The optical material of the sheetform 22 might be further provided with spectral absorption properties for subtracting or diminishing a spectrum or color of the collected incident light 32 before emission thereof out the emission port 55 or 56. That way, the drinking vessel 20 11 might collect white light 30 but glow red (or the like) at the lettering and rim. In consequence, the emitted light 34 is not necessarily stronger than the external light 30, it simply is distinguishable by being a different color.
Again, emission ports 56 formed in the broad surfaces 50 and/or 52, like the lettering in
Pause can be taken now to comment on further aspects of the invention.
In contrast to
The collected light might be modified by spectral-absorbing properties to subtract or diminish certain spectrums or colors of light so that the emitted color is something different from the collected external light 30. The lettering might spell-out brand-names or the like such that this embodiment of the invention serves as an advertisement.
Suitable materials for the construction of the sheetform 22 and/or lenses 42 or 44 include without limitation glass or plastic. Plastic is likely to be the preferred material for low operating temperatures, such as the jacket button 20 7 and electric-switch wall plate 20 8 of
In operation, incident light is focused onto an array of reflective facets 54 within the sheetform 22. Each reflective facet 54 starts a new family of rays which adds to those previously collected. The net effect is that light 30 is collected over an expansive surface but might be concentrated for transfer to a fiber optic cable or light pipe and so on.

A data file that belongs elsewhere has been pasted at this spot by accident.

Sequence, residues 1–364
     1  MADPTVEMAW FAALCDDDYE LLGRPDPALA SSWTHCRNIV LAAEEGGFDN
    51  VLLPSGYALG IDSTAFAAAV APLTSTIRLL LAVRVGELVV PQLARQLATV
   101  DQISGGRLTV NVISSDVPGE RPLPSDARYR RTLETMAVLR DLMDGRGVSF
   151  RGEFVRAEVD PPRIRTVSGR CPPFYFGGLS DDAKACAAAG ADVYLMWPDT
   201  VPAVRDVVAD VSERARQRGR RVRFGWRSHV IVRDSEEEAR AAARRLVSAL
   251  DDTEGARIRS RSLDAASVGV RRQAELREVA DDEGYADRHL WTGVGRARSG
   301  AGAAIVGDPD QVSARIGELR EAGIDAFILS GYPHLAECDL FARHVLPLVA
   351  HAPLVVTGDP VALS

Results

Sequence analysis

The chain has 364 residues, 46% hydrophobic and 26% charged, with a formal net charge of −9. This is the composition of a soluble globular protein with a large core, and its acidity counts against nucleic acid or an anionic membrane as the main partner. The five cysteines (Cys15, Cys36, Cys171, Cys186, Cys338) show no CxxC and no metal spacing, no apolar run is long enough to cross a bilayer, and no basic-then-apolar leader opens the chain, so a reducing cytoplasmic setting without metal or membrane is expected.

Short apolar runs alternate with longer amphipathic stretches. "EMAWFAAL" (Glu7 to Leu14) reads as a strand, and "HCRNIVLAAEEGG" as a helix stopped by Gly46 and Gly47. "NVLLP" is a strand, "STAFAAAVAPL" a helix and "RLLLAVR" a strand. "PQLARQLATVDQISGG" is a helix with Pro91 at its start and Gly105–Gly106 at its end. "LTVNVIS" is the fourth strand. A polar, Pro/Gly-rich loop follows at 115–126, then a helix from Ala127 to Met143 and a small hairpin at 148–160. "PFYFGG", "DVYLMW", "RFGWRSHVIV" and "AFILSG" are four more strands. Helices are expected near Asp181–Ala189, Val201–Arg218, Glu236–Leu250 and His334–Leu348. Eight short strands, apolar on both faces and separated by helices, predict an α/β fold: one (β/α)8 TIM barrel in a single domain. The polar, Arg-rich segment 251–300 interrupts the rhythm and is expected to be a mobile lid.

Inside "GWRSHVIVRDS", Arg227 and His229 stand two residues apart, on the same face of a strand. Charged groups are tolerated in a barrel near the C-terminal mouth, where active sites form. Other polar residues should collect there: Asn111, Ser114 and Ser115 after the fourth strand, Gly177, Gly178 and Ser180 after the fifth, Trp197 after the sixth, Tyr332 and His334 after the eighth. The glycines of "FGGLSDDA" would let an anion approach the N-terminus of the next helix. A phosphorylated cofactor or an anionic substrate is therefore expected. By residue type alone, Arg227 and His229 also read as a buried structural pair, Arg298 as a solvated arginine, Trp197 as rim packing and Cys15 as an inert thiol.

Various techniques are described next which pertain to managing the power output of such optical apparatus 20 in accordance with the invention. This discussion begins with size. Very simply, a larger array of collecting lenses will supply more power than a smaller array of like lenses.
Then there is also the matter of shading. Power output can be managed by shading portions of the array of collecting lenses, and this may range from a technologically-advanced computer-controlled system of opaque shutter to the primitive (eg., throw dirt on it).
Additionally, the reflective facets 54 might be modified. That is, the facets might be constructed to accept or reject light from a specific direction or range of directions, thereby providing a means of control. For example, a non-directional facet might have a circular shape, but a directional facet might have a crescent shape (not shown). Proper modifications of the reflective facets 54 would facilitate capability to track a moving source of incident light without moving the optical apparatus 20 as a whole.
Power output might be managed by manipulating the spectral-absorbing properties of the optical material. If certain spectral bands of the collected light 32 are subtracted before emission, then less than the full available power of the collected light 32 is being delivered at the emission ports 55.
A final remark on power management includes the matter of alignment, especially for planar structures as disclosed by
The invention having been disclosed in connection with the foregoing variations and examples, additional variations will now be apparent to persons skilled in the art. The invention is not intended to be limited to the variations specifically mentioned, and accordingly reference should be made to the appended claims rather than the foregoing discussion of preferred examples, to assess the scope of the invention in which exclusive rights are claimed.
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|U.S. Classification||385/31, 385/129, 385/146, 385/33|
|Cooperative Classification||G02B6/0036, G02B6/006|
|European Classification||G02B6/00L6O16B, G02B6/00L6O4B|
|Dec 5, 2011||FPAY||Fee payment|
Year of fee payment: 4
|Dec 14, 2015||FPAY||Fee payment|
Year of fee payment: 8